3 May 2017

The last time my mom tried to spank me, I was just about as big as she was. Of course, my mother is a pretty small lady! As she approached me in the hallway with the discipline utensil, I reasoned with her, “Mom, can’t we talk about this?”

“No!” was her answer, and she just kept coming.

I continued to try to talk to her about it, but she had no intentions of talking. Finally, I reached out and took the paddle from her! I shudder to think what would have happened if my Dad had been home at the time!

I honestly don’t remember what transpired after that. But this story serves to illustrate how parenting will eventually reach a point that it must move from discipline to discipleship. At this stage, our children are old enough to talk to and teach, but they also still need firm direction!

God gives parents, particularly fathers, the responsibility to both discipline and disciple their children.

Fathers, do not provoke your children to anger, but bring them up in the discipline and instruction of the Lord. (Ephesians 6:4)

Let’s look at these two areas in turn and then see how they relate to one another.


First, parents have authority to discipline their children. (See Proverbs 13:24; 22:15; 23:14; 29:17; Hebrews 12:7-11.) Discipline is the use of external motivation to train behavior. It can take various forms of negative consequences for wrong behavior. There are also positive ways of encouraging good behavior through affirmation and rewards.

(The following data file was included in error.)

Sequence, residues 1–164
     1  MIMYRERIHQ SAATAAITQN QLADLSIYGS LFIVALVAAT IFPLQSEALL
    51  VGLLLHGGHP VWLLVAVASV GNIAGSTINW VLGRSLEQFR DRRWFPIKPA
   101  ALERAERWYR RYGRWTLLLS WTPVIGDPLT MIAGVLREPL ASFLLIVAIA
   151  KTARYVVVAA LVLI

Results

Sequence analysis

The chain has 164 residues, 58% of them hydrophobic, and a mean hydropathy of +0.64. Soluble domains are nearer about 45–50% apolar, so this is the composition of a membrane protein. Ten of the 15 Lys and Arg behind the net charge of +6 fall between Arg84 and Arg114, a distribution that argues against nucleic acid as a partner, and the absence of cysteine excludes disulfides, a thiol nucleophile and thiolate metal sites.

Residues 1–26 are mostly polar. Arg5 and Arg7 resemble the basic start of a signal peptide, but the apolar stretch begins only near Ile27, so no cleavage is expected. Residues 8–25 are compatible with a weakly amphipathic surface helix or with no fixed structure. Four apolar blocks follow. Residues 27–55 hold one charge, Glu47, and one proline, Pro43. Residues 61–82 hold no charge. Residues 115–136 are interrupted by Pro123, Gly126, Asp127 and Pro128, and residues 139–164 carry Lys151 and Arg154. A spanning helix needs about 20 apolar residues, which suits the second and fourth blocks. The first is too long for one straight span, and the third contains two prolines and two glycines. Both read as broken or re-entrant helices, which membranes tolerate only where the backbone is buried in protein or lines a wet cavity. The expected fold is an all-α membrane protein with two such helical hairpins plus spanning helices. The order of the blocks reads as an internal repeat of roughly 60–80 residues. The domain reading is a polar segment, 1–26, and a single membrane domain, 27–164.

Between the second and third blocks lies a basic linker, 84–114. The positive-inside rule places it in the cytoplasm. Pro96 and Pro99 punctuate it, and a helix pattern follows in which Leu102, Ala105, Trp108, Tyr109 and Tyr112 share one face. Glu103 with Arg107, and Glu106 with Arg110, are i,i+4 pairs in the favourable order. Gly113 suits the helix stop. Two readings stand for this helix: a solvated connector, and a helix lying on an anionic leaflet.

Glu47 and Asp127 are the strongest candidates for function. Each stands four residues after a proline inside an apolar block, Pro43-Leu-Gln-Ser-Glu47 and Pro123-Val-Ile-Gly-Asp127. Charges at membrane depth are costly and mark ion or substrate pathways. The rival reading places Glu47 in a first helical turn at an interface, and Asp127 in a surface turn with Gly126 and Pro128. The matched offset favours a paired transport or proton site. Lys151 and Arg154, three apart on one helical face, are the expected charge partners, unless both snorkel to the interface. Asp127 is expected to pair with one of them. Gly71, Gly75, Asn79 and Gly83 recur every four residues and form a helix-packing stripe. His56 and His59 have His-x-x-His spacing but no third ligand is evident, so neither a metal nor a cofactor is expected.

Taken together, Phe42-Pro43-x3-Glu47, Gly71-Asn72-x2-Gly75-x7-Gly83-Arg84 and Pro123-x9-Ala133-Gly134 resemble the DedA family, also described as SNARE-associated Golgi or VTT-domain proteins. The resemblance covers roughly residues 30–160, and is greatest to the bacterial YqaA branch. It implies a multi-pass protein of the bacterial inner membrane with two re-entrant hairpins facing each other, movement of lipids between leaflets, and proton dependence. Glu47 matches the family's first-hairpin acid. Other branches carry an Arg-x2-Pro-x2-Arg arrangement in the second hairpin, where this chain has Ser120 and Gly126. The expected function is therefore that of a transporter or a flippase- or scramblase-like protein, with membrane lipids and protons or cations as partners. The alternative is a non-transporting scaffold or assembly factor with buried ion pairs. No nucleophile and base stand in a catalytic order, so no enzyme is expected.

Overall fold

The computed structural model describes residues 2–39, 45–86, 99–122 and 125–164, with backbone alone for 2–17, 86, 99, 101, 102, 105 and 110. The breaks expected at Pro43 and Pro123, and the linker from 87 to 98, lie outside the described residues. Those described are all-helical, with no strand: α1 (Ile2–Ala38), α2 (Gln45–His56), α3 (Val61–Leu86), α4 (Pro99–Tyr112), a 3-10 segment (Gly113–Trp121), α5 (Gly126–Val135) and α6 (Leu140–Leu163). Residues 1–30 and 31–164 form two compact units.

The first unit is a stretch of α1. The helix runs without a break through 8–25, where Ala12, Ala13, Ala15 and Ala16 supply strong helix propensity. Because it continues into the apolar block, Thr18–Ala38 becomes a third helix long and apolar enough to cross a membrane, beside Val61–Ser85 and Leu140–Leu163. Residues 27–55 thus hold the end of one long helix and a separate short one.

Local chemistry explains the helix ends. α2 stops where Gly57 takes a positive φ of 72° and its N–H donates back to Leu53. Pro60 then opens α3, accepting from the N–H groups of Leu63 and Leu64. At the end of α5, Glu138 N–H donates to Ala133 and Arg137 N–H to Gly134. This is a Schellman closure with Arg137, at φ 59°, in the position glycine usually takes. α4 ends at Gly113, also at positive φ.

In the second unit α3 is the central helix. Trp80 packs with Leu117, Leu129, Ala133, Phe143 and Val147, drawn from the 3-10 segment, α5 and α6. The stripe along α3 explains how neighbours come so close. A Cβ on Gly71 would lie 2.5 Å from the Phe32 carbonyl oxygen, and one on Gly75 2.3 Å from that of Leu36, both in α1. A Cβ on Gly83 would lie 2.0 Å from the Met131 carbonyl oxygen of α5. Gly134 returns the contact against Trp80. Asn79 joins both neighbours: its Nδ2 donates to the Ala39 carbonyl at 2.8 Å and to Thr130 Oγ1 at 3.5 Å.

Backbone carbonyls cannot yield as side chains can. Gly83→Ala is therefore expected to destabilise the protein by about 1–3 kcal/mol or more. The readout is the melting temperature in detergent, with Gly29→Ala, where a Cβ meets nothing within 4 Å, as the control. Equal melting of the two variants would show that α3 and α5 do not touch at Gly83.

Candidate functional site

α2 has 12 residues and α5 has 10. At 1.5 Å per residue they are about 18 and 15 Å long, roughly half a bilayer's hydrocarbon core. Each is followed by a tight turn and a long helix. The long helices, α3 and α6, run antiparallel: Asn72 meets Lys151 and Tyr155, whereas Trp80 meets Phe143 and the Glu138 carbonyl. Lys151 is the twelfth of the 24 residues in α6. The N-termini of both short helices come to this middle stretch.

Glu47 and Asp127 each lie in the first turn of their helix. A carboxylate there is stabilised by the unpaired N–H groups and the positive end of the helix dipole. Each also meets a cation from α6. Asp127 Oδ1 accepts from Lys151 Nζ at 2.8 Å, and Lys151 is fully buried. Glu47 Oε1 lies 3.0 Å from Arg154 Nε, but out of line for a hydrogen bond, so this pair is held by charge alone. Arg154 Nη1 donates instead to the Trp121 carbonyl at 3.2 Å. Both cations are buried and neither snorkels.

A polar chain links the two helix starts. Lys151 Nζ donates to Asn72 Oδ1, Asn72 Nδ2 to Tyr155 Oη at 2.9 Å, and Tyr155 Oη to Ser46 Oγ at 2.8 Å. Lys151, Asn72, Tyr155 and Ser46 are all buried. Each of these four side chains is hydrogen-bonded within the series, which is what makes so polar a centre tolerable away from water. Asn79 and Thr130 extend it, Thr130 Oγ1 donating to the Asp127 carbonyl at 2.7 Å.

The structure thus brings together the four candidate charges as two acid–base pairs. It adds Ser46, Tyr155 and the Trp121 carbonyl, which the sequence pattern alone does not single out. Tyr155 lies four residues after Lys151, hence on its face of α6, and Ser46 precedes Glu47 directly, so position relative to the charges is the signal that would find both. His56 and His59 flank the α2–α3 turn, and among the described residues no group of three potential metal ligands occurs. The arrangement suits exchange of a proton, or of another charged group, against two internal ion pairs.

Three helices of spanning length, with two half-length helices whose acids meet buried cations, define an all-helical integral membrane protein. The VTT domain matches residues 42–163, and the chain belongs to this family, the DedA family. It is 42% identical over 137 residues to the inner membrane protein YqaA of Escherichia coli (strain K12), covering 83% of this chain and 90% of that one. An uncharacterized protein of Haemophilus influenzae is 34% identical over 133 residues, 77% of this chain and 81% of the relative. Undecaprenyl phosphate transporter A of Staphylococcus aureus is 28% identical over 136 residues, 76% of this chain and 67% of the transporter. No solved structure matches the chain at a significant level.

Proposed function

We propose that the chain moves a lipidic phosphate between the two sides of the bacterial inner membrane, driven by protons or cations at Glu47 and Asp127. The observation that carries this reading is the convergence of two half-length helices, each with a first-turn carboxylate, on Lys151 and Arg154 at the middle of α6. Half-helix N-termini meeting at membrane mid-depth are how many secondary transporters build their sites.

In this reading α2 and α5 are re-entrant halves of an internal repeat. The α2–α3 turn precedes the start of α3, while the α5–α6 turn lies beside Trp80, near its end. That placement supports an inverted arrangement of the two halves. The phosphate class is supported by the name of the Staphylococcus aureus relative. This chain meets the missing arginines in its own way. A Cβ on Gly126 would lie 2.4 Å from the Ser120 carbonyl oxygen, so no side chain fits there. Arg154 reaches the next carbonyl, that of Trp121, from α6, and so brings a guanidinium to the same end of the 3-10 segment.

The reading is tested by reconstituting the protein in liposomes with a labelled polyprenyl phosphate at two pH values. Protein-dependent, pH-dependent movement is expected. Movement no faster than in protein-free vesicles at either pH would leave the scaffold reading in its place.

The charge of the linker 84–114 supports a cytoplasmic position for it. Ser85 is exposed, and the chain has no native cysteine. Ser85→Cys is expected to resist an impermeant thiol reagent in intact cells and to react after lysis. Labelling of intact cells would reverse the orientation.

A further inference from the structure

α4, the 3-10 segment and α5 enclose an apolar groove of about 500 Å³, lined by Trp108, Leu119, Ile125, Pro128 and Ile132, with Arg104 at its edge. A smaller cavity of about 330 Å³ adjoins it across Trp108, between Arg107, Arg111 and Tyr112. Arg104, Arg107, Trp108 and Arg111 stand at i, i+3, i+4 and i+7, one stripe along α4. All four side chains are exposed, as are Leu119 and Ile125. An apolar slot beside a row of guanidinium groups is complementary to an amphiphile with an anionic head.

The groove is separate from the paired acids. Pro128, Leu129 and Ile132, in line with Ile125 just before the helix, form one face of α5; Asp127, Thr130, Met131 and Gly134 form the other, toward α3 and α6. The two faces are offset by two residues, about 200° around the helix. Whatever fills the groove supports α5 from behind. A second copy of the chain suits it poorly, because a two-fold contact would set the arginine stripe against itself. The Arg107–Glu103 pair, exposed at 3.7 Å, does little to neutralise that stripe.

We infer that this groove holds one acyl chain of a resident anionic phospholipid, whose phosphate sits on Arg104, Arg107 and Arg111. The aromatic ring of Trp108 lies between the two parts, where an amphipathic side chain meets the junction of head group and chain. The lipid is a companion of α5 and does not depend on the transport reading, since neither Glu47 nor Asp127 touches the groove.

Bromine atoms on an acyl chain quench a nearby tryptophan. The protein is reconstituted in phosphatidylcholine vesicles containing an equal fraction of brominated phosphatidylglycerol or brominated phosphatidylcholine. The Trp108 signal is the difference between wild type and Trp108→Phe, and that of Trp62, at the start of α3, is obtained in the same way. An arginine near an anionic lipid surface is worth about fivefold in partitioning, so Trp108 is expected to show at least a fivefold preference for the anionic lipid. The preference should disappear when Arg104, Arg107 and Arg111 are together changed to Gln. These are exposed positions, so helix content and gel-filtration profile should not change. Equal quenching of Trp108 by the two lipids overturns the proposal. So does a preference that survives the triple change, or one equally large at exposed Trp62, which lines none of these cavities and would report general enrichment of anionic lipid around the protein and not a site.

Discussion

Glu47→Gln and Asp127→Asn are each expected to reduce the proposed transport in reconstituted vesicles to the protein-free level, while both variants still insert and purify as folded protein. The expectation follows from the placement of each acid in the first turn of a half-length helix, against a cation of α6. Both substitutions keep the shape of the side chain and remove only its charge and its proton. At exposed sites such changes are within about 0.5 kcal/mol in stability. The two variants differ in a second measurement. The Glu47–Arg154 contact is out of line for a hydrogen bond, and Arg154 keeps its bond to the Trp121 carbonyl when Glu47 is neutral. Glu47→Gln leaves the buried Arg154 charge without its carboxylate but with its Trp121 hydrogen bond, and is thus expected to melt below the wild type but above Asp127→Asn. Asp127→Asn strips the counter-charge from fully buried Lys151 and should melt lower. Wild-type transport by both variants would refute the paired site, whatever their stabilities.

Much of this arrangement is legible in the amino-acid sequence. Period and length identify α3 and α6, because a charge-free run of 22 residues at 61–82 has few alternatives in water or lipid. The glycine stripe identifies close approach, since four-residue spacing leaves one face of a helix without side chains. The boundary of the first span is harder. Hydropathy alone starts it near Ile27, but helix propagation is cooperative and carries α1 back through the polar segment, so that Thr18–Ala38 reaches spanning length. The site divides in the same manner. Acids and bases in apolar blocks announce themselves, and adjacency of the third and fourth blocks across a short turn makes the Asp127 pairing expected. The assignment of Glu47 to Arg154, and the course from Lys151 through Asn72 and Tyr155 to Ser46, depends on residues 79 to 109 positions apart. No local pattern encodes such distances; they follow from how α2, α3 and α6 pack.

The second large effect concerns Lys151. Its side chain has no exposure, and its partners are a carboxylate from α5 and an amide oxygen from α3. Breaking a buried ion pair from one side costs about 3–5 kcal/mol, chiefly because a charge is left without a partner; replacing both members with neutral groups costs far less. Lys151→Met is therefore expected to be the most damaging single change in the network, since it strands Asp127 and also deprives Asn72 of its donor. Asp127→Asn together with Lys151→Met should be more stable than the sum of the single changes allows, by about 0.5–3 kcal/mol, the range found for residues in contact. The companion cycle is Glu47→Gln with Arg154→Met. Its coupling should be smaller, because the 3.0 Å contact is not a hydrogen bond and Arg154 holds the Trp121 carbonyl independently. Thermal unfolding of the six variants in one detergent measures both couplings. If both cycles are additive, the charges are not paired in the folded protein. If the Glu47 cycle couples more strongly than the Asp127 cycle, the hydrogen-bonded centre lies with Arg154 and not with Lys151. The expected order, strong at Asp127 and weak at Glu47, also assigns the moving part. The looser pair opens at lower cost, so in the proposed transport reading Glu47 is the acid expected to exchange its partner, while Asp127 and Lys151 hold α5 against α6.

Here are a few basic tips for effective discipline:

• Train your children to look you in the eye when you speak to them.

• Train your children to respond respectfully in response to your instructions, “Yes, sir” or “Yes, ma’am.”

• Train your children to obey the first time. Your children will learn when you expect them to obey. If you count to three, they will wait until two. If you count to ten, they will often wait till you count nine. If you don’t discipline your children until after you yell at them, then they will not obey you until you yell at them. If you lovingly, calmly and consistently discipline your child the first time they disobey, they will learn to listen the first time you give an instruction.

• Never spank out of anger or in such a way that would cause harm to your child.

• Hold your child responsible for only what they understand.

• Be creative with ways of giving your children consequences for disobedience and disrespect.


The next and most important responsibility parents have is discipleship. When Jesus answered the question about the most important commandment of all, he quoted from Deuteronomy 6:4. Look at what Moses said right after this most important commandment!

You shall love the LORD your God with all your heart and with all your soul and with all your might. And these words that I command you today shall be on your heart. You shall teach them diligently to your children, and shall talk of them when you sit in your house, and when you walk by the way, and when you lie down, and when you rise. (Deuteronomy 6:5-7)

The ultimate goal for parents is to raise mature, Christ-loving believers. This, of course, fits into God’s ultimate purpose for all people and our mission of helping others to love God.

Our American culture has eroded the strength of the family by encouraging parents to abdicate to others their responsibility of teaching their children. Many parents feel it is the church’s job to disciple their children. They depend on the pastor, the Sunday school teacher and the children’s or youth pastor to teach their children about God. Pastors, and the rest of the body of Christ, are certainly responsible for discipleship. But the primary responsibility of discipleship belongs to parents.

Transitioning from Discipline to Discipleship